Monday, May 30, 2005

Rise of the Breckenridge Welcome Center

The new Breckenridge Welcome Center is is being build on Main Street right next to the Blue River Plaza. And it's being build inside a historic log cabin.

The log cabin was discovered when the town started tearing down the existing structure on the site and found the log cabin - surrounded and hidden by the existing structure. The renovated and restored building will replace the existing, smaller downtown information and activities center presently located in the Rounds building.

In addition to becoming the new information area, the Welcome Center will eventually offer centralized ticketing for a variety of performances year-round. It will also contain an interpretive center for Breckenridge's history. Exhibits will tell the story of Breckenridge's rich mining history and describe the lives of some of the colorful characters from the past. The cabin will be fully restored and will help describe the historic setting that makes Breckenridge unique.

The new center's anticipated opening is the end of 2005.

Thursday, May 12, 2005

Summit County Teachers OK New Contract

Summit County teachers have agreed to a new three-year contract. It required substantial sacrifices from both teachers and district officials.

The new teacher-approved contract gives teachers, support staff and administrators, on average, a 3 percent raise over this year's salaries.

In order to achieve the 3 percent average salary increase, teachers agreed to implement a salary ceiling of $65,000.

Due to next year's tight budget and the possibility of changes in state funding in future years, negotiators on both sides have determined to come back to the table on a quarterly basis to renegotiate salary and benefits beyond the 2005-06 school year.

The school board will now vote on the contract.

Saturday, May 07, 2005

Regional Plan for Interstate 70

This week representatives from 34 towns and counties belonging to the I-70 Mountain Corridor Coalition are meeting to try and come to a unanimous answer about improvements to the interstate roadway.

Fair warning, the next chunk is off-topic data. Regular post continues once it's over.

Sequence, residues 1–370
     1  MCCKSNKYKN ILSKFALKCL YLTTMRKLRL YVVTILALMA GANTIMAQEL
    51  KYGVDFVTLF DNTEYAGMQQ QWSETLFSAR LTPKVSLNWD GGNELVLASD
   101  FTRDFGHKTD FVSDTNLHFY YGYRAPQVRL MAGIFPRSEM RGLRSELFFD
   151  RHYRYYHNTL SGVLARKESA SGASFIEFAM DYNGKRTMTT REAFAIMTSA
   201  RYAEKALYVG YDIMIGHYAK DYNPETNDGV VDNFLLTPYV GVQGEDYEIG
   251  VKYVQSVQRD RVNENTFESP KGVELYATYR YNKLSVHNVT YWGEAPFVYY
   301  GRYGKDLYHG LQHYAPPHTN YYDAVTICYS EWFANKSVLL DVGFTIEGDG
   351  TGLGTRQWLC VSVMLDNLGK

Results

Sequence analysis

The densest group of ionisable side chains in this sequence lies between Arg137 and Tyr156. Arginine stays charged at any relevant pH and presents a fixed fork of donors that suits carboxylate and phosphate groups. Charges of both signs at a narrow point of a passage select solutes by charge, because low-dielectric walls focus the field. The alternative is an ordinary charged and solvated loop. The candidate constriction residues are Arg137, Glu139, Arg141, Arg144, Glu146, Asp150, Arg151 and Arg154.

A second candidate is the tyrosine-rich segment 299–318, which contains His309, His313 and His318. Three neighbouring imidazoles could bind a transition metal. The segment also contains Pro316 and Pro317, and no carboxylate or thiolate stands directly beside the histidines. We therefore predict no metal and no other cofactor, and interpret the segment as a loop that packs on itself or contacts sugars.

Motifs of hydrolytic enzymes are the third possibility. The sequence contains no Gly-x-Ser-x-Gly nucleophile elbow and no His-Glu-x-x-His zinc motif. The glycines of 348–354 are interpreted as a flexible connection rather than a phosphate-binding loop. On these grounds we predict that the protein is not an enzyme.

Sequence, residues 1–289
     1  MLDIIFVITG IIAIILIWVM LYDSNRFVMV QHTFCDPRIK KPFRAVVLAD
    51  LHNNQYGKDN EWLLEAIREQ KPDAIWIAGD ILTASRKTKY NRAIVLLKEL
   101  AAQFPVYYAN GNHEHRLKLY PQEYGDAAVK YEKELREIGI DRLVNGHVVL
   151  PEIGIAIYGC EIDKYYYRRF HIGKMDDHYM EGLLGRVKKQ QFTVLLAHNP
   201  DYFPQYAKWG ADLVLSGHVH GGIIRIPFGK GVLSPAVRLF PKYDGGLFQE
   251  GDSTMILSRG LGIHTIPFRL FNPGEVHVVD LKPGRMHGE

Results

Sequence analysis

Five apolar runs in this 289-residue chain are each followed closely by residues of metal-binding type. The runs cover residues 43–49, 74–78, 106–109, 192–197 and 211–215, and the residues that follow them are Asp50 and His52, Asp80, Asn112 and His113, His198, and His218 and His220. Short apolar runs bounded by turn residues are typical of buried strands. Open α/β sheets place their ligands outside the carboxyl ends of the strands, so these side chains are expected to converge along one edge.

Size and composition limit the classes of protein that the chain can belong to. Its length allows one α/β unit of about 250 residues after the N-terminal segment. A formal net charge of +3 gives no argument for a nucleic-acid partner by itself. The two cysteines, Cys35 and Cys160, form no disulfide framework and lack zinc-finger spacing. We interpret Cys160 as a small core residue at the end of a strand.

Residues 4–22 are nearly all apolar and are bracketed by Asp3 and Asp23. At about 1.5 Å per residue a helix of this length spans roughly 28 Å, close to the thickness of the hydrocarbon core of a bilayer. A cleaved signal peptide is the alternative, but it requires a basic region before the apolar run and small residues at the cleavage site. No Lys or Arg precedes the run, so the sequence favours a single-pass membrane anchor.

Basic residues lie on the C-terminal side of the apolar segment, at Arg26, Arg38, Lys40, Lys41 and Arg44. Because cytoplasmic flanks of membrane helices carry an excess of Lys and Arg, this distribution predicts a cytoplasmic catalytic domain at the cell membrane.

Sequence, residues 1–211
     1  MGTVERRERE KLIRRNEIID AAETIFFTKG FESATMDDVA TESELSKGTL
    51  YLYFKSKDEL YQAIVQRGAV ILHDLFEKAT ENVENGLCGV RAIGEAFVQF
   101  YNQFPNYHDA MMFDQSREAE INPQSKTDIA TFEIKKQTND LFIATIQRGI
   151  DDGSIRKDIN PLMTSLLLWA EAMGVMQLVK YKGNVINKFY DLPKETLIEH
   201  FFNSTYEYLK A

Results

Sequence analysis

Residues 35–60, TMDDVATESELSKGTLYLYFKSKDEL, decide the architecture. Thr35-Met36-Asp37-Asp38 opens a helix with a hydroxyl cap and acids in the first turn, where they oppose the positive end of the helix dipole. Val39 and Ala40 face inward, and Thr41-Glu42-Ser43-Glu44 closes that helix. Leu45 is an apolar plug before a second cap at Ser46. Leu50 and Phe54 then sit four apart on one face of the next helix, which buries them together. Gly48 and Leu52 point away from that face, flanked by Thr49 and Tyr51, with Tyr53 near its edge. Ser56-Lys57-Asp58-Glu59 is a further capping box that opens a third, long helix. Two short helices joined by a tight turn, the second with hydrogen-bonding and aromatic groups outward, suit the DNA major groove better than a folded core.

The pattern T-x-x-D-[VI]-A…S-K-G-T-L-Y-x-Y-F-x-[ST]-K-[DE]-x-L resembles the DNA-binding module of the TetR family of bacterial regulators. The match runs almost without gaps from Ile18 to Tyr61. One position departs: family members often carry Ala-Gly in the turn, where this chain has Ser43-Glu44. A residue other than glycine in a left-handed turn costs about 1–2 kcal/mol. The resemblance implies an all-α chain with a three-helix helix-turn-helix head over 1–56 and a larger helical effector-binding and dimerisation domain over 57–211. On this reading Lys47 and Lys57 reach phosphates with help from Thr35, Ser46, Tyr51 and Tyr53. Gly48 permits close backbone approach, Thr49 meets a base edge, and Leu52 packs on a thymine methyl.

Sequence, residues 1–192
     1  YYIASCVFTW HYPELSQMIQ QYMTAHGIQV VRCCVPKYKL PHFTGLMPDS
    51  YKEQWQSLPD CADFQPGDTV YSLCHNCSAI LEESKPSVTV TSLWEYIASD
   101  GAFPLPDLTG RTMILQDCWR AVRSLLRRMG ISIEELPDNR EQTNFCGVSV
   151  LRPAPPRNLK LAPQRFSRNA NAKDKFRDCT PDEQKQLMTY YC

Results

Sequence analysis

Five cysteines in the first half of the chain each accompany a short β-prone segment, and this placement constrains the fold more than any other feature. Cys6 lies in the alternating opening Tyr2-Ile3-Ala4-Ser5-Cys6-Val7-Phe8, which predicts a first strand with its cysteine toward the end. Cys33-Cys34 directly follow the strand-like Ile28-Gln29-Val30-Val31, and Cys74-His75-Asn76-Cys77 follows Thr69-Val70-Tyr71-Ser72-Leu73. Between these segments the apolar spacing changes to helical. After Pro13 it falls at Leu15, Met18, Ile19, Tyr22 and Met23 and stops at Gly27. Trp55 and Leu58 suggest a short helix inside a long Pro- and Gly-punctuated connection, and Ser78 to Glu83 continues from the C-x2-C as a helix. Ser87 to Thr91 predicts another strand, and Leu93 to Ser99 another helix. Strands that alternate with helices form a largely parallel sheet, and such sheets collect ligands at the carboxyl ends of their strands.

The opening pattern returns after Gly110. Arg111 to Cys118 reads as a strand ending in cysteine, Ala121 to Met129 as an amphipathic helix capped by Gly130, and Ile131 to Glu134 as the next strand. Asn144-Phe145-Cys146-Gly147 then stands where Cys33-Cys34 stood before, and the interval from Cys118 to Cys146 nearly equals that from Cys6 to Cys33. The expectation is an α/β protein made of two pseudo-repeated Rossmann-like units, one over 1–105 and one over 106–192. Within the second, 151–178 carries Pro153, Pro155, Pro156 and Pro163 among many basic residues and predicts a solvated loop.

Each jurisdiction sent three-member delegations, including elected officials, community administrators, planners, engineers and business community representatives.

Billed as a search for consensus on a regional plan for the stretch of highway between C-470 in Denver and west to Glenwood Springs, the transportation pow-wow hopes to come up with a plan to ease the congestion in this corridor.

In the most optimistic vision, some planners and community activists sense an opportunity to get it right: to tackle the issue with a far-sighted perspective that will be judged kindly by history.

Sunday, May 01, 2005

Summit County's Towns Chime in on the Widening of I-70

Interstate 70 from Denver to Vail has become so congested with traffic over the past 10 years, something has to be done. The question is what. The alternatives run the gamut: from a magnetically levitated monorail to boring more tunnels and making it a 6-lane highway.

Some of tha alternatives that have been proposed:

  • Six-lane highway between the Eisenhower Tunnel and Floyd Hill and through Down Canyon in Eagle County, with minimum travel speed of 55 mph. Cost $2.4 billion.

  • Six-lane highway, same as above, with the addition of tunnels to accommodate minimum speeds of 65 mph.

  • Dual Mode Bus in Guideway. Exclusive guideway for dual electric and diesel powered bus systems in the I-70 median eastbound from Silverthorne to the Eisenhower Tunnel and a bi-directional guideway from the tunnel to C-470 in Denver. Cost: $3.5 billion.

  • Six-lane highway and preserve space for future rail transit in the median. Cost: $2.8 billion.

The town of Silverthorne doesn't know which plan it supports as of yet. After a recent meeting of the town council, the only agreement was to try and reach an agreement at a future meeting.

Dillon is for six-laning.

Town Manager Jack Benson said, "part of the issue is (the council) felt the transit piece, and even the set aside for future transit, wasn't a practical alternative to the traveling culture."

Frisco has agreed to support several options. The no action and minimal action alternatives and the long-term solutions for 30-plus years will be advocated.

Breckenridge suports expanding I-70 to six lanes, while leaving room for some kind of mass transit down the road.

Concilmember J.B. Katz said, "We didn't want a mass transit plan to move forward first that could hurt the resorts in Summit county."

And the Summit County commissioners are still thinking about it all - they have not officially decided on what action they will support.